Job’s actual experiences and his upright and honest humanity meant that he made the most rational judgment and choices when he lost his assets and his children. Such rational choices were inseparable from his daily pursuits and the deeds of God that he had come to know during his day-to-day life. Job’s honesty made him able to believe that Jehovah’s hand rules over all things; his belief allowed him to know the fact of Jehovah God’s sovereignty over all things; his knowledge made him willing and able to obey Jehovah God’s sovereignty and arrangements; his obedience enabled him to be more and more true in his fear of Jehovah God; his fear made him more and more real in his shunning of evil; ultimately, Job became perfect because he feared God and shunned evil; and his perfection made him wise, and gave him the utmost rationality.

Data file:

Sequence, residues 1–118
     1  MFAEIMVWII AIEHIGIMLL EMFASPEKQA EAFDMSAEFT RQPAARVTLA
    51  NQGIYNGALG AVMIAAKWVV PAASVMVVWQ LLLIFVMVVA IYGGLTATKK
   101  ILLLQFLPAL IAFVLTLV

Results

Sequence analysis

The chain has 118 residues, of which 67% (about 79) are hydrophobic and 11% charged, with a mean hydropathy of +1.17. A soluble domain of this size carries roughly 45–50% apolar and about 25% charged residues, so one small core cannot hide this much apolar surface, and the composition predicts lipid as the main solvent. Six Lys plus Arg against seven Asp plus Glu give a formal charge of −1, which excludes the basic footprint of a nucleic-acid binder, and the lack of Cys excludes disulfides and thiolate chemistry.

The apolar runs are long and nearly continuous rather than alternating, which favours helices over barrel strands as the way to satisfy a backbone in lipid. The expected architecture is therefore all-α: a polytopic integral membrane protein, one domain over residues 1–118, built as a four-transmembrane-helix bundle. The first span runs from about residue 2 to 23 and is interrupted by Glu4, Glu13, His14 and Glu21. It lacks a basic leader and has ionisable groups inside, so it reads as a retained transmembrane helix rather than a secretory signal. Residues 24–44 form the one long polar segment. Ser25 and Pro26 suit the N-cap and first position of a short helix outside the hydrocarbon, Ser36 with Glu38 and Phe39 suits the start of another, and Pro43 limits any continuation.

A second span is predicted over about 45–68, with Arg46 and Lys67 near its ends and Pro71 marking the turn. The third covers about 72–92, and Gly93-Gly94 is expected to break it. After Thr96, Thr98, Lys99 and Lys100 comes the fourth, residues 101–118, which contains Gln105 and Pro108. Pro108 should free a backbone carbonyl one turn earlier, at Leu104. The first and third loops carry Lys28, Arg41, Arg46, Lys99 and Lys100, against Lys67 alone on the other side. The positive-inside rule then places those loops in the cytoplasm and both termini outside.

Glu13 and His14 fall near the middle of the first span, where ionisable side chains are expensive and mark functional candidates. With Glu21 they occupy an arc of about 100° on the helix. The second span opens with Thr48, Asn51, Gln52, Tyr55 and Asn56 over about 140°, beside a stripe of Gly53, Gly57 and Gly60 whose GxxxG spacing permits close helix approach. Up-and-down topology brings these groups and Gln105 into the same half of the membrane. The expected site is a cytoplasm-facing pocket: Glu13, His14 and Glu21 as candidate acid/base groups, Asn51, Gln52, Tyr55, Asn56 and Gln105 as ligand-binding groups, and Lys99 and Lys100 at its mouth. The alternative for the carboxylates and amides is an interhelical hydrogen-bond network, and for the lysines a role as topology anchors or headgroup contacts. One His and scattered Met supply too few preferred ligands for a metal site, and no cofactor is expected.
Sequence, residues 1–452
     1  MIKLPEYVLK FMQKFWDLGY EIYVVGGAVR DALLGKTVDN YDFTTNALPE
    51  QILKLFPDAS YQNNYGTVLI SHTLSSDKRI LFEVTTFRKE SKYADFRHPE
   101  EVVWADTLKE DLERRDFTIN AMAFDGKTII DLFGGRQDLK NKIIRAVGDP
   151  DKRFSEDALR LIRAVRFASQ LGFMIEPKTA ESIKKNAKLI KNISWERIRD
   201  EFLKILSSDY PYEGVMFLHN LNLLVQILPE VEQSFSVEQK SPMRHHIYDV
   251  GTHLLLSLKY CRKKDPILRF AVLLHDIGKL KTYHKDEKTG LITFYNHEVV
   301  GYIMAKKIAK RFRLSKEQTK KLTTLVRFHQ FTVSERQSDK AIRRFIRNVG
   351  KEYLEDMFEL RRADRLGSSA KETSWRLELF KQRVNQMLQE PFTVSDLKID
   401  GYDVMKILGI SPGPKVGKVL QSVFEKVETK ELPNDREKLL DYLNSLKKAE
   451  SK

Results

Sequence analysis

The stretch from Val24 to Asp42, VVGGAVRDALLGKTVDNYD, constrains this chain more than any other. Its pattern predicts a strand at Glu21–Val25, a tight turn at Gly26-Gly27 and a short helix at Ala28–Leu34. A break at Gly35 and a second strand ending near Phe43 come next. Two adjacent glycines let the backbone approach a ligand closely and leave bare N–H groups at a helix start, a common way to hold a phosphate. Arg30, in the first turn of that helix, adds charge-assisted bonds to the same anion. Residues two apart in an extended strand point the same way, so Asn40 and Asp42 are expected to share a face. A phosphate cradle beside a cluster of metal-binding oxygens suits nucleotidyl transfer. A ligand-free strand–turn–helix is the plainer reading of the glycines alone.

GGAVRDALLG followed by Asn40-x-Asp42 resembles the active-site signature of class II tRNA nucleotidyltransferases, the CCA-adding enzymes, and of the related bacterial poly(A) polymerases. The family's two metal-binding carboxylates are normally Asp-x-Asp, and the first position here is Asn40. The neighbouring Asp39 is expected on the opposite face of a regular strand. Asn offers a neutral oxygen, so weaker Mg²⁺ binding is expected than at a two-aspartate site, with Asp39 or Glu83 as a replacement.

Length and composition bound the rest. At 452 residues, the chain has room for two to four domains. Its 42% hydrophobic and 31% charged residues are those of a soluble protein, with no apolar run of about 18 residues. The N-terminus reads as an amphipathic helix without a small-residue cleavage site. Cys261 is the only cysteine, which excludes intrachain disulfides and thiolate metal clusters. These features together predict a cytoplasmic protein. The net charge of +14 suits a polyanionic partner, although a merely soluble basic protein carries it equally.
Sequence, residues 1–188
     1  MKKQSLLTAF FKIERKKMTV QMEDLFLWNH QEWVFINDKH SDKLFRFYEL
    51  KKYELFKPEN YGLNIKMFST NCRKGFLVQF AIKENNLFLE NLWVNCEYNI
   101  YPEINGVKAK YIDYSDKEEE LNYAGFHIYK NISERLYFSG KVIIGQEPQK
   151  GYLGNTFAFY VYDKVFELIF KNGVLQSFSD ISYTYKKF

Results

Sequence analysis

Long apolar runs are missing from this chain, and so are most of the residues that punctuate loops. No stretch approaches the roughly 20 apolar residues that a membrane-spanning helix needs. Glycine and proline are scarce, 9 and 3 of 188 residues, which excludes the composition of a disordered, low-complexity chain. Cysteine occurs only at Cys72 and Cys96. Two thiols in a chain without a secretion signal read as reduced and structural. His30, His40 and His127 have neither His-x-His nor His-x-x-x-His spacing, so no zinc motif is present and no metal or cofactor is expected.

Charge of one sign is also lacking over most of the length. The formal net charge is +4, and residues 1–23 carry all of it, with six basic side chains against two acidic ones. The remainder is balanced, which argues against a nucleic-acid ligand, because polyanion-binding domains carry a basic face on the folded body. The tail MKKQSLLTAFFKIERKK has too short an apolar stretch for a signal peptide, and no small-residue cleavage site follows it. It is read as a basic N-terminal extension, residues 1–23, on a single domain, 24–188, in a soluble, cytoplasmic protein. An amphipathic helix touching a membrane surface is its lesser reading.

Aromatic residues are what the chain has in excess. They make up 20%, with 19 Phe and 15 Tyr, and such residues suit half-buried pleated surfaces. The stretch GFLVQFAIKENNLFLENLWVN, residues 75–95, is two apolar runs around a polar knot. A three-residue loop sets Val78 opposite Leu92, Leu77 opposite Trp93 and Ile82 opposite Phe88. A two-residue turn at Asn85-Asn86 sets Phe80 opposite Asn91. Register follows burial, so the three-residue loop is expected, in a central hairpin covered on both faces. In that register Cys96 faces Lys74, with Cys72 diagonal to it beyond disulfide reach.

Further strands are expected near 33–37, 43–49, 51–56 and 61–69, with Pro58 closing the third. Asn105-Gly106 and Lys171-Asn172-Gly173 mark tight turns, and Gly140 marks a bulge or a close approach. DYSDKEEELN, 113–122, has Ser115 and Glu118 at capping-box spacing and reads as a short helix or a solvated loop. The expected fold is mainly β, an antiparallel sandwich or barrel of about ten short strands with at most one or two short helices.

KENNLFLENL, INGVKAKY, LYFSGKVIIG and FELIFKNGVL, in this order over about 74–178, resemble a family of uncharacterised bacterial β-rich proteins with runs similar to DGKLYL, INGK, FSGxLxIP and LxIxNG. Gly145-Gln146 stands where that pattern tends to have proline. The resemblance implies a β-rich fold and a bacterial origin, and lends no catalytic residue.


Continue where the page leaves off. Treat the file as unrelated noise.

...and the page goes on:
How should we understand this word “rational”? A literal interpretation is that it means being of good sense, being logical and sensible in one’s thinking, being of sound words, actions, and judgment, and possessing sound and regular moral standards. Yet Job’s rationality isn’t so easily explained. When it is said here that Job was possessed of the utmost rationality, it is in connection to his humanity and his conduct before God. Because Job was honest, he was able to believe in and obey the sovereignty of God, which gave him a knowledge that was unobtainable by others, and this knowledge made him able to more accurately discern, judge, and define that which befell him, which enabled him to more accurately and perspicaciously choose what to do and what to hold firm to. Which is to say that his words, behavior, the principles behind his actions, and the code by which he acted, were regular, clear, and specific, and were not blind, impulsive, or emotional. He knew how to treat whatever befell him, he knew how to balance and handle the relationships between complex events, he knew how to hold fast to the way that should be held fast to, and, moreover, he knew how to treat the giving and taking away of Jehovah God. This was the very rationality of Job. It was precisely because Job was equipped with such rationality that he said, “Jehovah gave, and Jehovah has taken away; blessed be the name of Jehovah,” when he lost his assets and his sons and daughters.